Bulbs popped at Christopher Shannon
Considering the breadth of fashion ideas to be found in the studios and workshops of London's colleges, it seems something of a travesty that menswear is only afforded one, rather measly, day at London Fashion Week.
Despite the short shrift on time, the Esquire fashion team were out in force, schlepping their way from show to show to bring you the key looks from the day.
So here, for you perusal, is the first installment of our Men's Day blog: everything from a stylish retro-look film from A. Sauvage to, errr, face painting at Christopher Shannon.
Christopher Shannon's SS' 11 collection was titled "Never Get To Go Anywhere" which, according to Shannon, was "inspired by the nostalgic feeling of never getting to go anywhere on holiday". We know the feeling.
Shannon's experimentation with colour - shades of white punctuated by flashes of powder blue, lemon, lilac and grey - is only for the brave amongst you.
Ethnic-style tourist trinkets, camouflage prints and more commercial accessories (we liked the short-strapped rucksacks) jingle-jangled down the catwalk. .
A pair of smartly-shod feet waits for the shows to begin...
Tailor Adrien Sauvage of A. Sauvage unveiled his "This is not a suit" collection (basically, a collection of suits) with his Larry Lamb-narrated short film, "The Art of DE".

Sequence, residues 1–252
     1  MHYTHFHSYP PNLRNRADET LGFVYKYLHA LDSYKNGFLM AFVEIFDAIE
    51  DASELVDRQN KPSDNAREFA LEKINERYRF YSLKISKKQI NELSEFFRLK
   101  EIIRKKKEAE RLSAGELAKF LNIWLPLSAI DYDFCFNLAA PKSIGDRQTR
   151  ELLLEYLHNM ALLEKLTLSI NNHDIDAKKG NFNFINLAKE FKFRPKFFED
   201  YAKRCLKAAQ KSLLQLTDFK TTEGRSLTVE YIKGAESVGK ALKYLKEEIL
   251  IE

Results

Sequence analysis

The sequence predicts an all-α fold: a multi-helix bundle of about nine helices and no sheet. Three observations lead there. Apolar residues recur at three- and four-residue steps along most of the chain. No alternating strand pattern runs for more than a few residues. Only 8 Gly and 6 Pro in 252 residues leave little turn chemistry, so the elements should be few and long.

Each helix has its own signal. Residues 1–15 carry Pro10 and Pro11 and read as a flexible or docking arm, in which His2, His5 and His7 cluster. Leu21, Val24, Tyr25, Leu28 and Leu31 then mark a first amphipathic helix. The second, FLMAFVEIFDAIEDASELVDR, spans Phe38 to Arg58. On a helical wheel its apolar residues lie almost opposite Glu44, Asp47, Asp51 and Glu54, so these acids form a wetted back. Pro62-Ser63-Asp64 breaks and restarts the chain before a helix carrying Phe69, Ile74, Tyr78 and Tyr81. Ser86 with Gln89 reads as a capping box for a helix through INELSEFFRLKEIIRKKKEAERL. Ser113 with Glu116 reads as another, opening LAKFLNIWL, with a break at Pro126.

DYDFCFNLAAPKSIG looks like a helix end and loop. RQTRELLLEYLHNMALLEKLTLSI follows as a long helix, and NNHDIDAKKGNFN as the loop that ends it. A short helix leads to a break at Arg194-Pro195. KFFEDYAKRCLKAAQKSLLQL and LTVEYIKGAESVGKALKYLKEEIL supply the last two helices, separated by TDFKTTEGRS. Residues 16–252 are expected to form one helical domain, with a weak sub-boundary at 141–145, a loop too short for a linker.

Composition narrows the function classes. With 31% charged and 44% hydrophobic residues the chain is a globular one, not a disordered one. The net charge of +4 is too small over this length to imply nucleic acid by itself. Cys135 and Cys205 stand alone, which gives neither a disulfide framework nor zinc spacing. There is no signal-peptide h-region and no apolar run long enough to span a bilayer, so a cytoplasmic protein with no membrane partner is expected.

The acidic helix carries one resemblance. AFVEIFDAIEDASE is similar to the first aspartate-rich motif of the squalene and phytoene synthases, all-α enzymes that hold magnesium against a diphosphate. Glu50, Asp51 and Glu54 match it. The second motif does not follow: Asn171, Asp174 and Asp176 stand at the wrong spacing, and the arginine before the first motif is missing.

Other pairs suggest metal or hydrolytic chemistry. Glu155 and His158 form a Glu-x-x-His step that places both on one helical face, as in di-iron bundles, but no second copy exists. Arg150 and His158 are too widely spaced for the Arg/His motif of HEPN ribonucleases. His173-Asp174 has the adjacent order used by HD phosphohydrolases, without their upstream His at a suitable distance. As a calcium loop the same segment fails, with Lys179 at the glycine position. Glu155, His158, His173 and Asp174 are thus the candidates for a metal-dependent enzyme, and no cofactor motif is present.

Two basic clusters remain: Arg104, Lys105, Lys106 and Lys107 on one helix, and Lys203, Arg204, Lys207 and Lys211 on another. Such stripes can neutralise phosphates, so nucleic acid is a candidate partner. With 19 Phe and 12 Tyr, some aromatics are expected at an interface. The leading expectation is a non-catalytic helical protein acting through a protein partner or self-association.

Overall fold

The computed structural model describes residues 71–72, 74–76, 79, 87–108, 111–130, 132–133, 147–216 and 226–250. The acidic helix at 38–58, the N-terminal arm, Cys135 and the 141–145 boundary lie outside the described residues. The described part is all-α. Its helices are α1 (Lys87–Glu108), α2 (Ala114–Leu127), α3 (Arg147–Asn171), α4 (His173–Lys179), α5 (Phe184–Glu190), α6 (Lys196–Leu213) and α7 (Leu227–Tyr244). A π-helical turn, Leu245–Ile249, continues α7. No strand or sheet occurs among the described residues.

Esquire's executive style editor Mansel Fletcher, sporting an attractive double chin, browses the rails in the A. Sauvage showroom".
Carolyn Massey's SS '11 presentation, held in Somerset House, was popular with the fashion team.
Massey's likeable collection was inspired by Jackie Nickerson's book 'Farm', a photojournalistic take on the agriculture of Mozambique. We've always preferred the Wurzels as style icons
Highlights included sand-proof, desert-friendly boots (not to be confused with the unfriendly kind) and pared-down doctor's bags in tertiary shades.
Massey's pared-down approach to design, along with her unique approach to colour, resulted in a contemporary yet wearable collection.
Our sympathies went out to Massey's live mannequins. All they needed was a sign saying: "Please don't feed the models."
Photographs by Teo van den Broeke